Bits and bobs for Thursday 29 January 2015


An occasional effort to link to interesting things I have seen. Not convinced about the format yet – let me know what you think.

  • One of my current obsessions is around mobile messaging apps. This interview with the CEO of Kik helps explains why this space is so exciting.
  • Slack has bought a company that does screensharing and voice chat to add to its text based workplace group chat thing. Makes Slack potentially more attractive to those looking for something approaching an all in one internal comms thing. For me though, it doesn’t move the workplace tech conversation on far enough.
  • A post about the future of Medium – published on Medium, of course. I really can’t personally figure out if Medium is incredibly interesting or just really boring. Could go either way – and the crunch will be when it begins to try and create revenue, I suspect.
  • A nice example from Simon Wardley on how to use his value chain mapping method.
  • Tumblr is rolling out new tools in its editor to help people use it to write longer form articles – a bit like Medium. Interesting, but one cannot help but wonder whether this goes against what made Tumblr popular with the people it’s popular with – i.e. quick sharing of memes, videos and so on. Is this Yahoo! starting to fiddle with its marquee purchase?

Blogging – writing and reading

Inspired, as I often am, by Lloyd and his various experiments in reusing media, finding new ways to use old stuff, and continuing to prod at blogging as a medium.

Thanks to him, I’m drawn back to Tumblr. It strikes me that the follow and post model that Tumblr embodies harks back to the original blogging tools like Radio Userland that combine reading and posting, and facilitates the easy (b)logging of other people’s content.

It is a closed system of course, which is a bit of a bad thing, but tools like IFTTT can be used to ensure a local backup of content is stored somewhere. But it feels better than – say – Facebook, which really is another follow and post type system. As is Twitter, of course, albeit with greater limitations.

WordPress – at least in its .com incarnation – seems to be following Tumblr by enabling users to follow blogs within a dashboard. But with these platforms, you can only (I think) follow blogs within that platform. It would be nice to be able to pull content in from elsewhere too.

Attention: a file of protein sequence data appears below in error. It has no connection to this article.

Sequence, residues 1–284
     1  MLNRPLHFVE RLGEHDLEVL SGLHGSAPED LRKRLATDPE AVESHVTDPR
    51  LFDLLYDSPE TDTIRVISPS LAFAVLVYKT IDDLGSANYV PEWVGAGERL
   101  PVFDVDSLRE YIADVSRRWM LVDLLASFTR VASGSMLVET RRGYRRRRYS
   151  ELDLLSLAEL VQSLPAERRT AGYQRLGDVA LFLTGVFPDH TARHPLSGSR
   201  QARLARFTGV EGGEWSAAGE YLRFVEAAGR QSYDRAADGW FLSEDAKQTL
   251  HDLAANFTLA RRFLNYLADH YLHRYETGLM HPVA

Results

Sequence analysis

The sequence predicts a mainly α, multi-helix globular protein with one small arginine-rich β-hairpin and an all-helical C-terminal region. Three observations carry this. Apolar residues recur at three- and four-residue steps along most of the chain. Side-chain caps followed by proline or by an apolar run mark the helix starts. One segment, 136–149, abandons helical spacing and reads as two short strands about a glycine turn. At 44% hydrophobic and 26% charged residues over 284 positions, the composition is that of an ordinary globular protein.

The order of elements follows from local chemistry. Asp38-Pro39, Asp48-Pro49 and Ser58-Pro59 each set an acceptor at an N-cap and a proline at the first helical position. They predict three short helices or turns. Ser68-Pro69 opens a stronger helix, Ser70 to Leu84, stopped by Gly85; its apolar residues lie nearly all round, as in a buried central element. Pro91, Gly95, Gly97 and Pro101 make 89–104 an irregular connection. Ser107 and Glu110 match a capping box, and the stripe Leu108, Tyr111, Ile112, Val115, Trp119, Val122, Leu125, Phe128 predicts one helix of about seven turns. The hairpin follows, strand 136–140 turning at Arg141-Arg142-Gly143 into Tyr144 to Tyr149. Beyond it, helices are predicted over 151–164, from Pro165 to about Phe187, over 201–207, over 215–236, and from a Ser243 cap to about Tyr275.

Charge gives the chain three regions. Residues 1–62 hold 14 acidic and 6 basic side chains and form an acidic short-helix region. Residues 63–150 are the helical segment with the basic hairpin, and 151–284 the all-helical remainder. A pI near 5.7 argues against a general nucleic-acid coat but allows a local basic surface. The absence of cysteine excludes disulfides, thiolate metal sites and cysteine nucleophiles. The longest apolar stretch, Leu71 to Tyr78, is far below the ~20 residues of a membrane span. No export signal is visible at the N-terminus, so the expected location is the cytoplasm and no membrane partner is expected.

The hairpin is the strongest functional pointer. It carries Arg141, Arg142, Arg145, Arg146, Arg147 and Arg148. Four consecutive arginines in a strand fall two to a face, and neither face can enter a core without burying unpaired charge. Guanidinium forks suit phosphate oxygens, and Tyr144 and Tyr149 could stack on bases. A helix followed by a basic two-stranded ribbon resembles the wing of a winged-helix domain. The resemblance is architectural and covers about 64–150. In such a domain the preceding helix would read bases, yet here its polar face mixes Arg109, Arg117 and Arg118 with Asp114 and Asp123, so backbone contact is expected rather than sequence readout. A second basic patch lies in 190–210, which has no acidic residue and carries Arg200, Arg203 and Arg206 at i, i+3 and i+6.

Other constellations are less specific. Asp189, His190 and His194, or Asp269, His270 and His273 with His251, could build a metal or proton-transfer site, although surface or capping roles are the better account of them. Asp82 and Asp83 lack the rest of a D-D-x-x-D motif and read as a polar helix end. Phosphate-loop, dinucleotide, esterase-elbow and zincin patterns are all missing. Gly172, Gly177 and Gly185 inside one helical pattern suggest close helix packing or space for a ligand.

The separation between a reading application and a writing application – which happened when? 2003? – was an error, as it enabled platform players to provide that holistic experience, and there doesn’t seem to be an open equivalent, unless anyone else knows of one.

Way to blog

There are a number of great options available now to start your own blog, for free, with just a few clicks of a mouse button. Each has their own strengths and weaknesses and here I run through five of the best ones.

WordPress is my personal blog tool of choice – I’ve been using it since 2005 and I’ve grown to love it. The free, hosted version at is great – easy to use with a whole host of features.


  • Easy to get started
  • Huge user community
  • Very active development


  • Feature-rich, or feature-bloated? For newbies there is a lot to learn
  • Doesn’t do email posting as well as some of the competition
  • Limited in terms of rich media embedding
  • Theme customisation costs money and is limited

Blogger is pretty much the granddaddy of blogging platforms – it recently celebrated its tenth birthday. Interestingly, it was originally developed by Pyra Labs before Google bought it. People at Pyra later went on to develop Twitter.

Blogger was left on the shelf by Google for a long time, but just recently seems to be sparking back into life, which is good to see.


  • The online help provided is excellent for newbies
  • Extremely customisable